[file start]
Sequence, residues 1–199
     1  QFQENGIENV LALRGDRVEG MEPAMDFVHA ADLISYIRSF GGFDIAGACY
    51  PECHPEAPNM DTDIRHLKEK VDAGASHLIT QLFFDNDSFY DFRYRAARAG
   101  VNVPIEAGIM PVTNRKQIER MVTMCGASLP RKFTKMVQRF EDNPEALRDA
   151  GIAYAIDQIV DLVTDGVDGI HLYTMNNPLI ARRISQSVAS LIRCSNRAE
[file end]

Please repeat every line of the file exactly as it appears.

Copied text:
Sequence, residues 1–199
     1  QFQENGIENV LALRGDRVEG MEPAMDFVHA ADLISYIRSF GGFDIAGACY
    51  PECHPEAPNM DTDIRHLKEK VDAGASHLIT QLFFDNDSFY DFRYRAARAG
   101  VNVPIEAGIM PVTNRKQIER MVTMCGASLP RKFTKMVQRF EDNPEALRDA
   151  GIAYAIDQIV DLVTDGVDGI HLYTMNNPLI ARRISQSVAS LIRCSNRAE